Holds an impressive 54 bottles. Simplistic, space-saving design is both sturdy and attractive. Labels on displayed bottles are easy to read.
It's at the higher end of the price range, but it offers a lot for the money.
Has space for 23 bottles. Comes assembled and is easy to move. Attractive French-style design looks great in virtually any room.
The metal feet have the tendency to wobble and could potentially scratch some floor surfaces.
Multipurpose features: shelves, wine glass hanger, wine bottle holder, removable drawers. Looks good and is easy to assemble.
It takes up a bit of space, and the construction feels somewhat flimsy. Only holds 12 bottles.
Convenient serving top, glass hanger, and space for 24 bottles. Construction feels stable, even when packed w/bottles and glasses.
Some larger wine bottles and glasses with wide bases don't fit. Consumes more floor space than others we considered.
A wine jail model that's both beautiful and secure. Spacious interior holds up to 45 bottles. Wrought iron looks great on display.
Pricey. Ornate design may be impractical for some consumers. It's also a bit shorter than some owners anticipated.
We recommend these products based on an intensive research process that's designed to cut through the noise and find the top products in this space. Guided by experts, we spend hours looking into the factors that matter, to bring you these selections.
Whether you collect wine or buy bottles on the spot for dinner parties, you have to keep your vino somewhere. Why not get yourself a durable, handsome wine rack that keeps your bottles correctly angled and stored?
Wine lovers love their racks. They can be things of beauty and artistry. Whether it’s an elaborate steel rack with scrolls and grapevine motifs or a wall-mounted holder crafted like a modern sculpture, the mere sight of a wine rack makes the vibes in a room all the merrier — and it can make you feel a little bit like a sommelier.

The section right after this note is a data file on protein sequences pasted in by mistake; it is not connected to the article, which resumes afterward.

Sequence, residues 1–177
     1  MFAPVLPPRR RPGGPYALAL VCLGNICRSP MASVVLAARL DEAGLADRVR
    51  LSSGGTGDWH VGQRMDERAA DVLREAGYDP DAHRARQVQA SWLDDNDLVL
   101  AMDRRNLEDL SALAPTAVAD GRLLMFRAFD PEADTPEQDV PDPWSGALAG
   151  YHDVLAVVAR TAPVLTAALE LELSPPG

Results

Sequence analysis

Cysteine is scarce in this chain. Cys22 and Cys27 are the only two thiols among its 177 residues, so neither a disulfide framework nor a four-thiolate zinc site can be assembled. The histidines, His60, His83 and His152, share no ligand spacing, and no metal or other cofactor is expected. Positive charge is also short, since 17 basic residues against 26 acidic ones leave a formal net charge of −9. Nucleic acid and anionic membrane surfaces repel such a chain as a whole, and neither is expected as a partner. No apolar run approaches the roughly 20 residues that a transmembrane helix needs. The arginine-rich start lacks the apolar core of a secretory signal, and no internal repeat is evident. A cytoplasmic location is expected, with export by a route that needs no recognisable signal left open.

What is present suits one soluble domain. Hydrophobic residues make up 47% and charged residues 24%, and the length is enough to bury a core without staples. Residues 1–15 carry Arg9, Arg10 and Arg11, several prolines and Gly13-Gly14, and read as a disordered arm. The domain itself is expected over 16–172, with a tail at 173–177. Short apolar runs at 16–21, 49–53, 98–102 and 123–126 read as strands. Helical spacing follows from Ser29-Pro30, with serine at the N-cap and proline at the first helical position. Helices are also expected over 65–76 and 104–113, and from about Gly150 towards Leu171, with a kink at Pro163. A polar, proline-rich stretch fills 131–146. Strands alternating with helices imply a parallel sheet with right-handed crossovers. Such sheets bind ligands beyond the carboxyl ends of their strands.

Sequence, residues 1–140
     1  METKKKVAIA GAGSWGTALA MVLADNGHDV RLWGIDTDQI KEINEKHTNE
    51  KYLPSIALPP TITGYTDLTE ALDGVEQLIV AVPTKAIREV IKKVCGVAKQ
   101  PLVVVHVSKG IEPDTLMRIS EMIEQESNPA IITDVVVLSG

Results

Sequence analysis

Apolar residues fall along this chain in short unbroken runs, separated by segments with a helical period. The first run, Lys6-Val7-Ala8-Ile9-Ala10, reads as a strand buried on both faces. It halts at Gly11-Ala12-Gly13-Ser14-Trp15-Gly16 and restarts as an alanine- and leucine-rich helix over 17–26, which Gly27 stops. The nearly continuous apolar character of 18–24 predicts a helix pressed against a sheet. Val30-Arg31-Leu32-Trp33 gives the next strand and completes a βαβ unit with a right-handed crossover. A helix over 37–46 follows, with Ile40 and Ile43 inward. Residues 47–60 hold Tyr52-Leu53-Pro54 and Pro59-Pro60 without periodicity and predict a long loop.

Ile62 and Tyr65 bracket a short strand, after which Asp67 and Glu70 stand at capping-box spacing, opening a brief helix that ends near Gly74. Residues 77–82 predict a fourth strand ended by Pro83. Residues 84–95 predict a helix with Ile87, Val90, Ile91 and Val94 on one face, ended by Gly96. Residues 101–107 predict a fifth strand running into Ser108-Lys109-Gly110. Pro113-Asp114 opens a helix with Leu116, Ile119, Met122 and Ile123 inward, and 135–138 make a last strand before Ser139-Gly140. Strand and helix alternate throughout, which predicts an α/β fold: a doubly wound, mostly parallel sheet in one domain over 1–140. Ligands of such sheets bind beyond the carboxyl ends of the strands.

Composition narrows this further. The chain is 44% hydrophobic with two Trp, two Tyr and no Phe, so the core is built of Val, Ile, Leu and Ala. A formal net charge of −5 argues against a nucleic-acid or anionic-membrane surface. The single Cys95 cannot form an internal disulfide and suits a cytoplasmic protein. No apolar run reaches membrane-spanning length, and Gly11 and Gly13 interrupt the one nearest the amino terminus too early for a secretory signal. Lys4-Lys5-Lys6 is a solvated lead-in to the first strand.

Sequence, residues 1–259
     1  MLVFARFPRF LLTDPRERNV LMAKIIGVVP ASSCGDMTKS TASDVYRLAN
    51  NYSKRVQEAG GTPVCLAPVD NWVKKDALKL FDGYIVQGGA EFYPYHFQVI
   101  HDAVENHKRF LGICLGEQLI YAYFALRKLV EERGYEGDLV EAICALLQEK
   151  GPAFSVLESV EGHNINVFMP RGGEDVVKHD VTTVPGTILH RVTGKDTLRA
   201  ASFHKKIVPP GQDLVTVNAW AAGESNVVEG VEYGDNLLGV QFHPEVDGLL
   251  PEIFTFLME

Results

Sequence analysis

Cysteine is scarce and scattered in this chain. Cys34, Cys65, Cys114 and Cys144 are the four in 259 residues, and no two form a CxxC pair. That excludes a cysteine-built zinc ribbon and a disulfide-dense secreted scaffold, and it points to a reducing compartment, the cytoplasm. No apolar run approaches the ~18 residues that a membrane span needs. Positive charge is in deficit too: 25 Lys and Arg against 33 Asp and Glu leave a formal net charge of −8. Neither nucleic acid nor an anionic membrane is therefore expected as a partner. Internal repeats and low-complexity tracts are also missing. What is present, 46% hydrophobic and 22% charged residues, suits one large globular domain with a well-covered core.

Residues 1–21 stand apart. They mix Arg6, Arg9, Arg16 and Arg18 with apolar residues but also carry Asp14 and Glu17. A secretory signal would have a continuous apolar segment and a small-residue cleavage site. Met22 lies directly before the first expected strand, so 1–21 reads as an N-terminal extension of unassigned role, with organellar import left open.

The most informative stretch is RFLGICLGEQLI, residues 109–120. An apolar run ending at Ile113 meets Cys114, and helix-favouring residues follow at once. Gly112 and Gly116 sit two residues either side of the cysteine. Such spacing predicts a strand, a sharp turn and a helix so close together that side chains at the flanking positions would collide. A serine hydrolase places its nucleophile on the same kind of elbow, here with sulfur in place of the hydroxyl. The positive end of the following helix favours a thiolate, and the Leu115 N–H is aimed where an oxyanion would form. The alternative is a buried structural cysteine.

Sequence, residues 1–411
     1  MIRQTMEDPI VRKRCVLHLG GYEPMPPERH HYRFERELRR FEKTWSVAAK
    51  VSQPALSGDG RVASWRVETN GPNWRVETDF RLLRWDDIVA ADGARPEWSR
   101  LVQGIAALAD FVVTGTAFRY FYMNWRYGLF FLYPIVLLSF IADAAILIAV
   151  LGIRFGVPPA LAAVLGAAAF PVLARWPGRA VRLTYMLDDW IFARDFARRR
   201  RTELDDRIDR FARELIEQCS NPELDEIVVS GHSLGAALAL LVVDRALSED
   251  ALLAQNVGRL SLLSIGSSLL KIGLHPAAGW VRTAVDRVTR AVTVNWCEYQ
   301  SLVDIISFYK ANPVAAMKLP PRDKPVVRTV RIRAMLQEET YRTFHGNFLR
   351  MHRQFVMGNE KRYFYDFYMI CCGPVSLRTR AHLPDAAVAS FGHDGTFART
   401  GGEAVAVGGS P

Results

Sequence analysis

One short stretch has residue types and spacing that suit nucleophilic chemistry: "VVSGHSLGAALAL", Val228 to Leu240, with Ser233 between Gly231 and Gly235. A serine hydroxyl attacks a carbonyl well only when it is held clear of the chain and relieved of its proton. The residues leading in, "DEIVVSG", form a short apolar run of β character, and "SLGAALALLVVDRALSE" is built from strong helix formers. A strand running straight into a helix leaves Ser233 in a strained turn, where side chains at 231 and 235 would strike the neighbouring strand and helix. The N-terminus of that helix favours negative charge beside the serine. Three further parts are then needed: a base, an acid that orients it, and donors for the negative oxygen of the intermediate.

There’s a wine rack made for every space, bottle size, and taste in décor. To choose the right wine rack, you’ll want to assess your wine bottle collecting habits, which bottle sizes you prefer, and how simple or ornate you want to go. Our shopping guide covers it all to help you store your vintage like a pro.
Though you may want to keep a wine rack in the kitchen for convenience, we recommend finding an alternative spot. Wine is best kept in a space where there’s no direct sunlight or changing temperatures that could affect the wine. Choose a cool part of your home; the basement may be ideal. If you want to keep your rack near your dining area, make sure it’s not in the direct line of any source of heat.
Another consideration: don’t place a rack in a vibrating area, such as near your HVAC system or a rumbly appliance. You may even consider using a wine rack with a marble or finished top as a console table in your hallway or living space.
If you think you’ll have no more than three to six bottles of wine at any time, a tabletop or smaller wall-mounted wine rack may be perfect for you. If you aren’t sure of the number of bottles you want to store, go for a larger rack — one that fits your space, of course. The more bottles you amass, the more likely you are to end up with some odd-sized bottles that don’t fit into a standard wine rack opening.
Wine racks can hold a few bottles or hundreds of bottles, depending on what you need. You may want to start with a smaller standing rack that holds 20 bottles and add another rack when necessary. Or, you may want to go for the gusto and fill up a rack that fits several hundred bottles.
Wine bottles range in width, height, and shape, making it a challenge to find a rack that fits every bottle. Even standard 750ml bottles differ in shape at times. A rack that holds bottles with bottoms that measure up to 3.5 inches in diameter should suffice. The top of a rack may comfortably fit 1.5L bottles. Contemporary artsy racks, which appear to hold bottles by their necks in suspension, also fit bottles of odd sizes. If you plan for numerous jumbo bottles, you’ll need a dedicated magnum wine rack.
There are countertop wine racks, wall-mounted wine racks, and freestanding floor wine racks. For a freestanding floor model, go up to 64 to 83 inches tall or 25 to 40 inches wide if you want to hold dozens of bottles. Racks that are modular in design can be seamlessly expanded as your collection grows.
Wine racks have square, round, half-round, or diamond-shaped holders. A rack with diamond-shaped holders may not hold as many bottles as a square configuration. Round holders may not hold a round bottle completely still.